For the most part, the answer is "not much": having created large pools of money for purposes yet to be determined as the core of their platform, the Libs mostly leave matters to future determination. But there are a few points worth noting:
- avoiding the lapsing of some types of funding, including infrastructure funding which would be paid at the end of the fiscal year directly to municipalities (p. 14), and foreign aid and military spending which would not be allowed to lapse (p. 65, 69);
- measures to seek out Canadians who are entitled to services, including proactive voter registration (p. 27-28) and steps by the CRA to advise people of available benefits not being claimed (p. 33);
- setting aside a fixed percentage of program funds to experiment with new approaches (p. 37);
- eliminating a Labour Market Impact Assessment fee for temporary foreign workers hired as caregivers (p. 63); and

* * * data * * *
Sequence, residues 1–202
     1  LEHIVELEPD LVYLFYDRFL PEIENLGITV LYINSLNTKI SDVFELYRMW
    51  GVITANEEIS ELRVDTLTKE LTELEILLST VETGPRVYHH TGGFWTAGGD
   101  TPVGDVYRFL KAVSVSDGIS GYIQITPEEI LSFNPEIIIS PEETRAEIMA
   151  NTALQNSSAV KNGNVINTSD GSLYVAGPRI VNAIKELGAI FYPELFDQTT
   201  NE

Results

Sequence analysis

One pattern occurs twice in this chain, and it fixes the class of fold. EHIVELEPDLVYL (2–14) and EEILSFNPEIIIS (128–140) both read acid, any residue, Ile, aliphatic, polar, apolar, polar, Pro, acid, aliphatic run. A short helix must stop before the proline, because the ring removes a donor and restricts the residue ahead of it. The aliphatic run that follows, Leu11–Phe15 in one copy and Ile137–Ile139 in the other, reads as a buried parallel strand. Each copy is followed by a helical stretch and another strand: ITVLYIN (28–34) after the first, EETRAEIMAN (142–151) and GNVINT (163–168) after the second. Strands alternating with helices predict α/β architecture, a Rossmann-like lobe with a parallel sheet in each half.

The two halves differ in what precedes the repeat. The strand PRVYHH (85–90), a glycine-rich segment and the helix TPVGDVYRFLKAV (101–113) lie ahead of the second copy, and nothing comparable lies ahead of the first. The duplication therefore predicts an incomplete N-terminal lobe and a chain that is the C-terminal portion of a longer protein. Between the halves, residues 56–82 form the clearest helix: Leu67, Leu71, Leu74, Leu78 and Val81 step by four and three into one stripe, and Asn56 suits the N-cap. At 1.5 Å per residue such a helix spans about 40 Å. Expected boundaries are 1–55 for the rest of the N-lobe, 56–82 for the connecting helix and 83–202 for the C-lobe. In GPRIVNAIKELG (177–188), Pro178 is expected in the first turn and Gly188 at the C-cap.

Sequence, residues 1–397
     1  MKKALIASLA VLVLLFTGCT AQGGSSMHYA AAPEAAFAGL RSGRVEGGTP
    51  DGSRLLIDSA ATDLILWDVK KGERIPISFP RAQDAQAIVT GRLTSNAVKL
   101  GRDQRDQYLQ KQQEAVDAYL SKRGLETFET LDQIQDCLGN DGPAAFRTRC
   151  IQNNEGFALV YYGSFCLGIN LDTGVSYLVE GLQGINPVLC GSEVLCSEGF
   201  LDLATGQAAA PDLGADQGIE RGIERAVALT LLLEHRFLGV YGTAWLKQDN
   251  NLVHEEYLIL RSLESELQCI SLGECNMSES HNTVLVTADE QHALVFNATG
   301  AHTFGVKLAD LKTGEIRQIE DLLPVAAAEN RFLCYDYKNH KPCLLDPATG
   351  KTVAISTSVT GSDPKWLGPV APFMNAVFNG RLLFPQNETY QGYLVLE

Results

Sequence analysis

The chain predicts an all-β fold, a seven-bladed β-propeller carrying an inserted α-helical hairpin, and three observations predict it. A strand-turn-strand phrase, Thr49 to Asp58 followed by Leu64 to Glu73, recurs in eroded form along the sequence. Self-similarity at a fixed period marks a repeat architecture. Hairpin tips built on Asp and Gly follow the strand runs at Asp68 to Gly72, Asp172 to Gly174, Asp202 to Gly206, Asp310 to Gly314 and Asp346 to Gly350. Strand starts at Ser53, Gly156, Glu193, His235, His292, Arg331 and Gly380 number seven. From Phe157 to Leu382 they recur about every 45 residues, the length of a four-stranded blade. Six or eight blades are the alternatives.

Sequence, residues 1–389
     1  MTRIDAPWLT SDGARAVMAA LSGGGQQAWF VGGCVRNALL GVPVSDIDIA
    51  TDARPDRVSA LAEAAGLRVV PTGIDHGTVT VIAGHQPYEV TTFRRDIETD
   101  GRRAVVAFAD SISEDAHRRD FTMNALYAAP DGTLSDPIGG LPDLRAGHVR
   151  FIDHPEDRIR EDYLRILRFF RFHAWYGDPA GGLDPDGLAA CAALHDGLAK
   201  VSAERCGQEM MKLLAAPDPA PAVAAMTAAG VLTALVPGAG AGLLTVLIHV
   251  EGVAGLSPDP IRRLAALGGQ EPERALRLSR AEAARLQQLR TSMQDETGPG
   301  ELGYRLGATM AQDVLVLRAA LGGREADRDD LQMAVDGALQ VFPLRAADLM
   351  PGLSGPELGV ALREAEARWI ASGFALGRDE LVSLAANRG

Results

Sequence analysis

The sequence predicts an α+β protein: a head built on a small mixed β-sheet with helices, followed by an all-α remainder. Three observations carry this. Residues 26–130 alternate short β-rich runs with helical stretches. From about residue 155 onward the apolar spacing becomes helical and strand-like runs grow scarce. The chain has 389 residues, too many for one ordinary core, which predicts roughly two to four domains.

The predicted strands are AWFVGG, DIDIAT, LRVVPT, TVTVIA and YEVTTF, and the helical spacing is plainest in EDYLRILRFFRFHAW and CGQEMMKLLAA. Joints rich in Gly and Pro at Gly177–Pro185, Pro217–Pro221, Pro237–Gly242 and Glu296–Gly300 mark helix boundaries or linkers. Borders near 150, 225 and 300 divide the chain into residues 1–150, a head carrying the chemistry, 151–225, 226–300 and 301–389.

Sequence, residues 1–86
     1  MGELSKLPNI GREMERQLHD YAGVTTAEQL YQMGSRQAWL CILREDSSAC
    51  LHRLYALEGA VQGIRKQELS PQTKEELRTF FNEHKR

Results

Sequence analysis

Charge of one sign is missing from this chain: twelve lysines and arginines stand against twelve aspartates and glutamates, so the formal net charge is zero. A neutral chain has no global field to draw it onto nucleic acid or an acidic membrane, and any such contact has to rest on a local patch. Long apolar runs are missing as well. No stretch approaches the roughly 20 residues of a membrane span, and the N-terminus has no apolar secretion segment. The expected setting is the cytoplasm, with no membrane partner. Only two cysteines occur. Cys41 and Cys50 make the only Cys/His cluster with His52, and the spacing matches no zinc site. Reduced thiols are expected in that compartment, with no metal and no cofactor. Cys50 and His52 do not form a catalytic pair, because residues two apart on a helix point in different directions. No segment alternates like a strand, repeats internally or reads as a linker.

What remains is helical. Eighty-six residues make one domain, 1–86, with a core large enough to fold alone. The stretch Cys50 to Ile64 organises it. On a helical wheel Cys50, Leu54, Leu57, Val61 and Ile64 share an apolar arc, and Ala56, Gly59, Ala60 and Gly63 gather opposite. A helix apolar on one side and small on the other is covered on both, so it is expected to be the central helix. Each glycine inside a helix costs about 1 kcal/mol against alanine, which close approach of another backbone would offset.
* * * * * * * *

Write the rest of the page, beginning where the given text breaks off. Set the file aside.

- creating a Cabinet committee dedicated solely to Canada's relationship with the U.S. (p. 67 - and note the juxtaposition against the NDP's plan for a committee to address First Nations issues).
For example, the Libs plan to keep the Cons' distinction between "designated countries of origin" when it comes to evaluating refugee claims: their reform of that new and highly-dubious policy is limited to appointing a panel to determine which countries to list (p. 65). In contrast, the NDP promises to eliminate the distinction altogether.
Similarly, the Libs pledge to "review" the Cons' attacks on environmental laws (p. 42), but do not make a clear pledge to reverse them as the NDP does. And they promise to "refocus" foreign aid toward African countries and poverty reduction (p. 65), but not to actually increase that aid.
In sum, then, the Libs' platform suggests significant reluctance even to undo the damage the Cons have done. And so voters focused on change rather than triangulation may want to look elsewhere.
[Edit: fixed wording.]